EGU24-18184, updated on 11 Mar 2024
EGU General Assembly 2024
© Author(s) 2024. This work is distributed under
the Creative Commons Attribution 4.0 License.

First results of an inventory of mountain snow information at global scale

Wolfgang Schöner1, Michael Matiu2, and Carlos Wydra1
Wolfgang Schöner et al.
  • 1University of Graz, Geography and Regional Science, Graz, Austria (
  • 2University of Trento, Department of Civil, Environmental and Mechanical Engineering

Snow information from mountain regions worldwide is of high relevance but its spatial and temporal distribution inhomogeneous. The currently running IACS Joint Body on the Status of Mountain Snow Cover, a joint initiative of IACS together with MRI and WMO GCW aims at improving the snow information, data availability and the access to the data for mountain regions worldwide. As part of the initiative, an inventory was initiated which should provide a first and overall picture on the spatial and temporal availability of snow information in the various mountain regions of the world. As there is no strict delineation of mountain from non-mountain regions, it has been up to the contributing experts to decide on what is part/not part of a mountain region. For larger mountain regions with rather different snow climates, the spatial resolution of the inventory was split into several parts. The inventory was launched in May 2023 and was implemented as on online tool.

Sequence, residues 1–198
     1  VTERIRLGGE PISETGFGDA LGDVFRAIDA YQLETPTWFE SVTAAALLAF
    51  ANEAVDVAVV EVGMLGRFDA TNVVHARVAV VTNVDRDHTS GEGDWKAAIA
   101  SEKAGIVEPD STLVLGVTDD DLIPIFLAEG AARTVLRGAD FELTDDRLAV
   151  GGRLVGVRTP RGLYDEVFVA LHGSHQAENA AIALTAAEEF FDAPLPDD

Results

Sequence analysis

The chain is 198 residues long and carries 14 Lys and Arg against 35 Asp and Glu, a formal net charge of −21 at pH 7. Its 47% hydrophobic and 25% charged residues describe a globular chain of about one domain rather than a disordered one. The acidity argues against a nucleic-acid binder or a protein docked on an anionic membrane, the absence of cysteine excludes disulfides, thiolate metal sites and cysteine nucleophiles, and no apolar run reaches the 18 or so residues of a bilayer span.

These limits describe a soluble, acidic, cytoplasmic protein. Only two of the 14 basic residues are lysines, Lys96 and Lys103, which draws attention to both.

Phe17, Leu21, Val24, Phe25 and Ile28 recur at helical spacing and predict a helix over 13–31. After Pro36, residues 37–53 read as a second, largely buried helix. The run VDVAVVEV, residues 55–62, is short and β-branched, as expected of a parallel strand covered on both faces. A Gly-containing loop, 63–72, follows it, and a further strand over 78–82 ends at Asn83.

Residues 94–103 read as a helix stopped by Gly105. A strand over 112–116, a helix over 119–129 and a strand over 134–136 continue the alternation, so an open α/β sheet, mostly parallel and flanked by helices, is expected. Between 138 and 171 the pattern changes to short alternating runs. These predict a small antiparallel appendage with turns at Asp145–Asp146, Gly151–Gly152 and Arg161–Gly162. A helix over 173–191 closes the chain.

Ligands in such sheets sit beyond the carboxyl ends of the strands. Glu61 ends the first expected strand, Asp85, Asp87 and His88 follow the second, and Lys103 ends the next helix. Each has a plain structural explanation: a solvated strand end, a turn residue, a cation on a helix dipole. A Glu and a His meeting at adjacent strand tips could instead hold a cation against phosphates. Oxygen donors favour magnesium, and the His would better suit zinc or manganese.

The paper presents initial analyses of the inventory, looking at the spatial and temporal patterns of snow information at a global scale. The picture derived from the feedback of the inventory shows fairly clear global differences, with regions where individual researchers (e.g. Central Asia) are driving access to snow information, while other regions have well established access routines/portals provided by the institutions operating the snow networks (e.g. the US). A preliminary analysis based on metadata from the inventory, a digital elevation model and the GMBA mountain delineation identifies the distribution of in-situ station and their snow information worldwide and how this varies by region and elevation. Information on already estimated spatial and temporal trends of key snow cover variables from mountain regions, such as for snow depth HS and depth of snowfall HN (from unpublished and published papers), are compiled together, although the different trend periods do not make comparison easy. Overall, a rather inhomogeneous picture emerges with regions such as the Alps or the Scandinavian mountains on the one hand, in which the snow information is spatially and temporally dense (with many published studies), and on the other hand regions (such as Greenland or Patagonia) in which the snow information from observations is extremely sparse.

How to cite: Schöner, W., Matiu, M., and Wydra, C.: First results of an inventory of mountain snow information at global scale, EGU General Assembly 2024, Vienna, Austria, 14–19 Apr 2024, EGU24-18184,, 2024.